The world’s biggest banks including Citi and Goldman Sachs will draft in senior traders to work through the night following Britain’s referendum on EU membership, set to be among the most volatile 24 hours for markets in a quarter of a century.
A vote to leave the European Union on June 23 would spook investors by undermining post-World War Two attempts at European integration and placing a question mark over the future of the United Kingdom and its $2.9 trillion economy.
Citi, Deutsche Bank, JPMorgan, Goldman Sachs, HSBC, Barclays, Royal Bank of Scotland and Lloyds are among those banks planning to have senior staff and traders working or on call in London as results start to dribble in after polls close at 2100 GMT, according to the sources.
Jamie Dimon, chief executive officer of JPMorgan Chase & Co, told employees on a visit to Britain this month that if the vote was to leave the EU, the bank would have to have “teams of people thrown on what that means”.
“We won’t know what it means: there is a wide range of outcomes,” Dimon, a supporter of Britain’s membership who has warned of job cuts at JPMorgan in Britain if there is an Out vote, said in the broadcast speech.
A vote to leave could unleash turmoil on foreign exchange, equity and bond markets, spoiling bets across asset classes and potentially testing the infrastructure of Western markets such as computer systems, stock exchanges and clearing houses.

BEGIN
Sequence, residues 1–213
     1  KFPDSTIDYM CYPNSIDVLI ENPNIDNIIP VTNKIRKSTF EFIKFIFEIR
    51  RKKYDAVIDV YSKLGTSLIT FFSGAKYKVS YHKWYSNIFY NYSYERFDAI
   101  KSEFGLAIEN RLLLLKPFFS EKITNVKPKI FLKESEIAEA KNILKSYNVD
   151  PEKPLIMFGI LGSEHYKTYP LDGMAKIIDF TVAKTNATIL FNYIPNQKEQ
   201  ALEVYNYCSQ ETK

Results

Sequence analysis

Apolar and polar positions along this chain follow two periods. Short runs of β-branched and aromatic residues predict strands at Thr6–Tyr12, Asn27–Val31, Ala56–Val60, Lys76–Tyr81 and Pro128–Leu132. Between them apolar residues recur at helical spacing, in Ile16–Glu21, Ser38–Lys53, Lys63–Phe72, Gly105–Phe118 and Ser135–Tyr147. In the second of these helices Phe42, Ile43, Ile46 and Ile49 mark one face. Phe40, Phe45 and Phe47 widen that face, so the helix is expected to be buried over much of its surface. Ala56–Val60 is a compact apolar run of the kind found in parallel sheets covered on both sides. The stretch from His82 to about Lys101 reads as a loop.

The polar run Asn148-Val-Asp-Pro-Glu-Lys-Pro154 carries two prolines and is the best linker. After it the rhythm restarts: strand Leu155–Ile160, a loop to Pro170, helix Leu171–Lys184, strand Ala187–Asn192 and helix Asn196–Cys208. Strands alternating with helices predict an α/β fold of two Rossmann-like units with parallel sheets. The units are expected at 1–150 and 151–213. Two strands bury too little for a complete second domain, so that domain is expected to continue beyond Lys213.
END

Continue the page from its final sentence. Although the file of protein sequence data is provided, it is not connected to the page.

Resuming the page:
Federal Reserve Chair Janet Yellen has cautioned that a Brexit vote could shake financial markets and potentially push back the timing of the next rise in U.S. interest rates.
Bank of England Governor Mark Carney has said sterling could depreciate, “perhaps sharply” and some major banks have forecast an unprecedented fall to parity with the euro and as low as $1.20 in the days following any vote to leave the bloc.
The Bank of England will be staffed overnight, with senior policymakers on call if markets go into meltdown. The finance ministry would not comment on its staffing plans.
The official Vote Leave campaign argues there is no evidence that leaving the EU would weaken sterling long term, while Nigel Farage, leader of the UK Independence Party has said that even if the currency did fall, it would simply boost British exports.